This woman also wondered why the walls surrounding the area aren’t used for activities like shops that would generate an income for the residents and make the area livelier and safer. Apart from evaluating this idea in particular, this shows that the residents might have a different point of view regarding the nature of the community in which they want to live; this may be different than the standard specifications of the enclosed residential developments found on the outskirts of Cairo. Some of the residents have made partial modifications to their flats such as adding a balcony or building a kiosk. This once more shows the absence of genuine community participation in the design process from the beginning, or the lack of understanding of the real needs of the residents, despite the registration process and initial studies carried out by the project team.
As for the public spaces, we noticed more than once that residents had fenced a particular green area and were taking good care of it, contrary to the other green areas that no one is caring for them. The fence which the residents are constructing does not impede entering the area; it only outlines its imaginary boundaries. This observation raises a very important point that is often observed in housing projects, who owns the public spaces or the common areas, and who is responsible for taking care of them?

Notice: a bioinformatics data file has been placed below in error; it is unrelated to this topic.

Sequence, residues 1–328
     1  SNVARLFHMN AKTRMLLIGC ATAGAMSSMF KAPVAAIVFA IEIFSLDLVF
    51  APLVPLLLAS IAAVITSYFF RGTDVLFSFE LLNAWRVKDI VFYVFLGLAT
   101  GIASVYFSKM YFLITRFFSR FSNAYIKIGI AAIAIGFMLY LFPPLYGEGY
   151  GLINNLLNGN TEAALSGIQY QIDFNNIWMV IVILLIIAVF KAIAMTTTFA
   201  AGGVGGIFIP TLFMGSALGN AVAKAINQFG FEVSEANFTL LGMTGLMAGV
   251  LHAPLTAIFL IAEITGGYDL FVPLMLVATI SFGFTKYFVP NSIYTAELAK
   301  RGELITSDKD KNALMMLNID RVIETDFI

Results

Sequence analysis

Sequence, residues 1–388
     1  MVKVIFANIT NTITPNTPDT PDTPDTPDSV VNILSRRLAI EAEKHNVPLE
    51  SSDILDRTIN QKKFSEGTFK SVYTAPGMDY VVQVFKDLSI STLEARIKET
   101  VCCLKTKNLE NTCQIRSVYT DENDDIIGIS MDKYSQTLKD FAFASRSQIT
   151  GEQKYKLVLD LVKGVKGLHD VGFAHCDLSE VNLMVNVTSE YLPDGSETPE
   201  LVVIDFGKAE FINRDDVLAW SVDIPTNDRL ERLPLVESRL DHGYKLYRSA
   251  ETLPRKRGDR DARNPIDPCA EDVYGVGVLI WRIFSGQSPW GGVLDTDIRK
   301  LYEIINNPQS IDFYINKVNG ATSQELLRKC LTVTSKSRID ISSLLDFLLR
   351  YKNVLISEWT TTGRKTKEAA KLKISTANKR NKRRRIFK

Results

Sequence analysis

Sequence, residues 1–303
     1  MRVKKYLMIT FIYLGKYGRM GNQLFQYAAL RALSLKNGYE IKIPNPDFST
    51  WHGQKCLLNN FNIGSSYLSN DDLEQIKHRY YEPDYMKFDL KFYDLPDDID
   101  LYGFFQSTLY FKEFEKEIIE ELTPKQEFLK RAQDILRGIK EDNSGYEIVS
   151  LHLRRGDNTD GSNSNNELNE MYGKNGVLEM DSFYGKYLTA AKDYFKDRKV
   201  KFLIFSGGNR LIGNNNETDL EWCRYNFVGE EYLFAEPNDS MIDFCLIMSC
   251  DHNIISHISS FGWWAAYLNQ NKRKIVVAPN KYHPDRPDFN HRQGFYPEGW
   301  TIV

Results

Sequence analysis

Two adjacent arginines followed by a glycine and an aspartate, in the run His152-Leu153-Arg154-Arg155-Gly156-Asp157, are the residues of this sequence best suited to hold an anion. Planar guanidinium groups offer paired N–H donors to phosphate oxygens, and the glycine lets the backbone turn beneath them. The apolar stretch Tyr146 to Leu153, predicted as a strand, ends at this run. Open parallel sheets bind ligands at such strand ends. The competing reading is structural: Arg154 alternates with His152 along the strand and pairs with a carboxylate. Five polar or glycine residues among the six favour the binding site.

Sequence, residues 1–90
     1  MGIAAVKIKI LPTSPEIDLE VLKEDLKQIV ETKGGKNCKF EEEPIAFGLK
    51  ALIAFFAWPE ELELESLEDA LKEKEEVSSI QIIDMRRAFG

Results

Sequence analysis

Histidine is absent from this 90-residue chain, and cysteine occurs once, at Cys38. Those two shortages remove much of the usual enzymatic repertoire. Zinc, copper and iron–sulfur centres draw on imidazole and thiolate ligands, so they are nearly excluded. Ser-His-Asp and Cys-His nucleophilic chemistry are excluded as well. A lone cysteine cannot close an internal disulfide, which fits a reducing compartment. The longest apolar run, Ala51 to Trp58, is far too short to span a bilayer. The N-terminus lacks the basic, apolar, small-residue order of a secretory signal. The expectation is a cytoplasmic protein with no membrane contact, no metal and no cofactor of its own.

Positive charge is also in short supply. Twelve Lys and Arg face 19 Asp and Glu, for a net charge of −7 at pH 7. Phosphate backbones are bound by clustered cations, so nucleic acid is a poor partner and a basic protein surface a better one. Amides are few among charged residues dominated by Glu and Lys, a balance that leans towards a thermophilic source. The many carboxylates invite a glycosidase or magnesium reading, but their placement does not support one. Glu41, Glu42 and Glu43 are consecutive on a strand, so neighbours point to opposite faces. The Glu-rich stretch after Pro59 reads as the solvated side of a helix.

The RCS thinks poorly of the modifications done by the residents to their units such as building poultry coops and huts on top of buildings, converting their ground floor windows to shops selling food, detergents or stationary. They argue that the residents are inclined to live in a disorganized way, spoiling the ideal image of the project. The RCS also complains about the lack of cooperation from the city district council. The administration at the RCS fears that the delay in removing the encroachments will create a snowball effect of problems, making it impossible to solve later on.
The residents view the situation from another perspective. The ground floor windows are very low, which allow people to see into the units when passing by. They build walls for privacy and to prevent people from urinating under their windows. With respect to the kiosks they say that the area lacks commercial services and they are filling this need. There has been an initial plan to build a commercial market in the area, but it never materialized. Without these kiosks and shops, the residents would have to go to al-Sayyidah Zaynab district to buy their goods. People said that the local district council does not harass them, and only prohibits them to build any permanent structures.